Stunning and action-packed historical epic woman king It is one of the best films of 2022.
Based on a true story, director Gina Prince-Bythwood sheds light on Agojie. They were the all-female warrior unit that protected the Kingdom of Dahomey in West Africa during the 17th and 19th centuries. With Viola Davis in the lead role and a supporting cast that includes Thoso Mbedo, Lashana Lynch, Sheila Atem and John Boyega, the incredible vision serves up strong performance after strong performance.
I met Prince-Bythwood to discuss bringing her work over the finish line, battles to make it happen, and how her first meeting with the film’s hero in several years affected the final film.
Simon Thompson: I’ve been looking forward to seeing this for a while, but it far exceeded my expectations. Is this a reaction from a few people?
Jenna Prince-Bythwood: yes. It was a very nice response. Honestly, I think it started with the studio not realizing the enormity of this movie, the epic nature of it, not only in scope but also in emotion. We felt it in place, but you never know until you start putting it together, but the reaction has been absolutely amazing.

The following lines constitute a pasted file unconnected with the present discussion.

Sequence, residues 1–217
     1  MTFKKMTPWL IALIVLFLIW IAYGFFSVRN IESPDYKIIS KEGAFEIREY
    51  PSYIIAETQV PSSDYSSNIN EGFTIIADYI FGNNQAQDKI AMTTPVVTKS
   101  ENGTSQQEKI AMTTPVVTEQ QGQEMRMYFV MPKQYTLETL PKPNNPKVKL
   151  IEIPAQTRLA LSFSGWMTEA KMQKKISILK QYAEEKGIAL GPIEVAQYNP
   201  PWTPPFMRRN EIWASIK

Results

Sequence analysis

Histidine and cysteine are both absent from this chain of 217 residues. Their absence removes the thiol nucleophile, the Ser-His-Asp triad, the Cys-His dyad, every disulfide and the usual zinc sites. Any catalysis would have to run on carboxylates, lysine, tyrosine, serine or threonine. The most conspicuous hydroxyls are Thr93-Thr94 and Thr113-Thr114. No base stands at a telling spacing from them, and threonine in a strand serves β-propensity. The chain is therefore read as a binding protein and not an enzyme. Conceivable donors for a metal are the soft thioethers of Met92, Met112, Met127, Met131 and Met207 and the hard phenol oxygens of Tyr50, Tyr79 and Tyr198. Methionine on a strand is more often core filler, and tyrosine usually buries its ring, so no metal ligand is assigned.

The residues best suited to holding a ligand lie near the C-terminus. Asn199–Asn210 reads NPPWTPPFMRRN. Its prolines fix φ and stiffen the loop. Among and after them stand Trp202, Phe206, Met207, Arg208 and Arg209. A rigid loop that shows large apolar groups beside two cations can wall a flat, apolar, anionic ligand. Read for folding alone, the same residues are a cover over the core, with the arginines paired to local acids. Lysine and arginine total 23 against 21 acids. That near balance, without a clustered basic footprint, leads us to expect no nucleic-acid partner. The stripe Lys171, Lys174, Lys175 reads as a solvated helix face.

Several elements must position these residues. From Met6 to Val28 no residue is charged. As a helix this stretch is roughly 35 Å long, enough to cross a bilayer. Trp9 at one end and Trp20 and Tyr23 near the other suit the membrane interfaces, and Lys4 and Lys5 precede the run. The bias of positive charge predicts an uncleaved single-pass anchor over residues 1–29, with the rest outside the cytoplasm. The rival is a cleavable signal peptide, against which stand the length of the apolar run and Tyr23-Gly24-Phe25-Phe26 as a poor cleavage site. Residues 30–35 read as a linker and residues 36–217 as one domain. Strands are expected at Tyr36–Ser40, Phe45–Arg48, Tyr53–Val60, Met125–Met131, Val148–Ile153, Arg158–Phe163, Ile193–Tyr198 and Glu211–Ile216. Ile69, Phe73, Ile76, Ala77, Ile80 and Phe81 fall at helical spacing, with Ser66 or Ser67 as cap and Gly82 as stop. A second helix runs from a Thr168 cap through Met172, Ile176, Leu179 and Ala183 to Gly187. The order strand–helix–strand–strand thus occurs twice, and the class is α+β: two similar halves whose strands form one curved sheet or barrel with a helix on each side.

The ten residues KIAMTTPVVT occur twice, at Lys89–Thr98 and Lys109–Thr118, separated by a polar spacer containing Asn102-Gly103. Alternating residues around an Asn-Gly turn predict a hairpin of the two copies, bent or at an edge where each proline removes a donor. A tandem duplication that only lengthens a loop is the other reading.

Thompson: This is a movie that sells for the great story and action scenes, but it’s not a movie that has action and scenery at the expense of anything and everything else. Was it difficult to get people behind it?
Prince-Bethwood: There is this temptation, given what is on the market. When I came to this, I said from the start that this is a historical epic action drama, and we will never forget the dramatic part of it. For me, the quiet moments, the emotional moments, they have to be as big, epic, and important as the set pieces, and I never back down from that.
Thompson: The detail to me in this is absolutely incredible, from the costumes to the hairstyles to how the cast is lit and shot. This seems to matter across the board, from top to bottom.